Jacob (jonifan) wrote in jonimitchell,
Jacob
jonifan
jonimitchell

Joni Album of the week (or two weeks. I'm not sure)

My pick this week is (drumroll please).....

Turbulent Indigo

Amazon.com
The 1996 Grammy winner for best pop album, Joni Mitchell's Turbulent Indigo is the singer's most distinctive and rewarding work since Wild Things Run Fast in 1982. Coproduced by Mitchell and her longtime collaborator and former husband Larry Klein, Turbulent Indigo is perhaps the only one of her '80s and '90s discs on which she isn't unduly hampered by studio technology. Whereas her rotten taste in synthesizers lent an automatically dated sound to 1988's Chalk Mark in a Rain Storm and 1998's Taming the Tiger, here the gadgetry is unobtrusive and enhances the power of Mitchell's voice and guitar playing. It also helps that this batch of songs is particularly evocative and well written, ranging from the graceful "How Do You Stop," on which she wonders how to stop "love from slipping away," to the wonderful vignette "Yvette in English," which describes a chance encounter between Picasso and a reluctant model. Paintings and painters are obviously a major theme on the disc--the cover is Mitchell's portrait of herself in the guise of Van Gogh--but more striking is her pessimistic view of humanity. "The Magdalene Laundries" describes the fate of girls left pregnant and abandoned in convent laundry rooms, "Not to Blame" details "the miseries made of love" for all the world's battered wives, and the title of "Sex Kills" is entirely self-explanatory. "The Sire of Sorrow (Job's Sad Song)," the album's finale, is nothing less than the cries of the much-put-upon Job against a heartless God who makes "everything I dread and everything I fear come true." The plaintive beauty of the music helps sweeten the potential sourness of Mitchell's lyrics. Indeed, the contrast gives great force to Turbulent Indigo and confirms that Mitchell's intellectual prowess and willfully contrary outlook are two qualities sorely missing in the work of many of the contemporary songwriters who cite her as their godhead. --Jason Anderson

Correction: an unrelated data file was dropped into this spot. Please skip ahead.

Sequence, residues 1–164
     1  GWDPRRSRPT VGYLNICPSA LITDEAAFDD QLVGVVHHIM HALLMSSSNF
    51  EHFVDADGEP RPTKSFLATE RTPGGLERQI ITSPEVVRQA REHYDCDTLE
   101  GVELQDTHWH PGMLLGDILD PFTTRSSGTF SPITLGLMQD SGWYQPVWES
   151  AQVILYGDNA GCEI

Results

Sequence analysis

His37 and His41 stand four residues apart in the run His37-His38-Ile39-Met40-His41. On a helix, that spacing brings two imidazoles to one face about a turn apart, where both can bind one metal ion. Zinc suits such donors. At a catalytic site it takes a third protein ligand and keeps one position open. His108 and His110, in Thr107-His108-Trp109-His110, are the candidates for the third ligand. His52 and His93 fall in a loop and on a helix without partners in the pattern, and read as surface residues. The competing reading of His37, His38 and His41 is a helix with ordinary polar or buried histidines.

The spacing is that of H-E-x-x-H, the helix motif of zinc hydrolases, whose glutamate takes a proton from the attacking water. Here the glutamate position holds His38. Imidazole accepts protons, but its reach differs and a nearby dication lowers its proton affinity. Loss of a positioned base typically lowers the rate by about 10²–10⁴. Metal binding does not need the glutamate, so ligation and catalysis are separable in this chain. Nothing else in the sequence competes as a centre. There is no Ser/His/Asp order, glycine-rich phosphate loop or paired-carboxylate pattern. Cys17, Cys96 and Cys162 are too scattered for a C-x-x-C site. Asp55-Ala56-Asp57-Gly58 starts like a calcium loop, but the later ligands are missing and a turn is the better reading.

Joni Mitchell returned to the relatively spare style of albums like Hejira and her early folk collections on Turbulent Indigo, emphasizing her acoustic guitar strumming and singing on a series of songs that detail the political and social discontent she had previously explored on Dog Eat Dog and Chalk Mark in a Rain Storm. In the brief opener, "Sunny Sunday," a woman tries to shoot out a streetlight with a pistol and misses every night, a metaphor for the individual's futile struggle against civilization, and Mitchell repeats much the same message in songs like "Sex Kills," a generalized criticism of everything from lawyers to the hole in the ozone layer; "Turbulent Indigo," which describes the inability of people to understand artists; "Last Chance Lost," which treats romantic disappointment; and "Not to Blame," about spousal abuse. The low-key music and restrained vocals stand in contrast to the lyrics -- over and over, Mitchell's imagery refers to guns and violence. Turbulent Indigo provides a disturbing view of modern life made all the more compelling by its calm presentation. ~ William Ruhlmann, All Music Guide


Tracklist:
1. "Sunny Sunday" – 2:21
2. "Sex Kills" – 3:56
3. "How Do You Stop" – 4:09 (Charlie Midnight, Dan Hartman)
4. "Turbulent Indigo" – 3:34
5. "Last Chance Lost" – 3:14
6. "The Magdalene Laundries" – 4:02
7. "Not to Blame" – 4:18
8. "Borderline" – 4:48
9. "Yvette in English" – 5:16 (Mitchell, David Crosby)
10. "The Sire of Sorrow (Job's Sad Song)" – 7:08

So... what did you think of turbulent indigo?
  • Post a new comment

    Error

    Comments allowed for members only

    Anonymous comments are disabled in this journal

    default userpic
  • 4 comments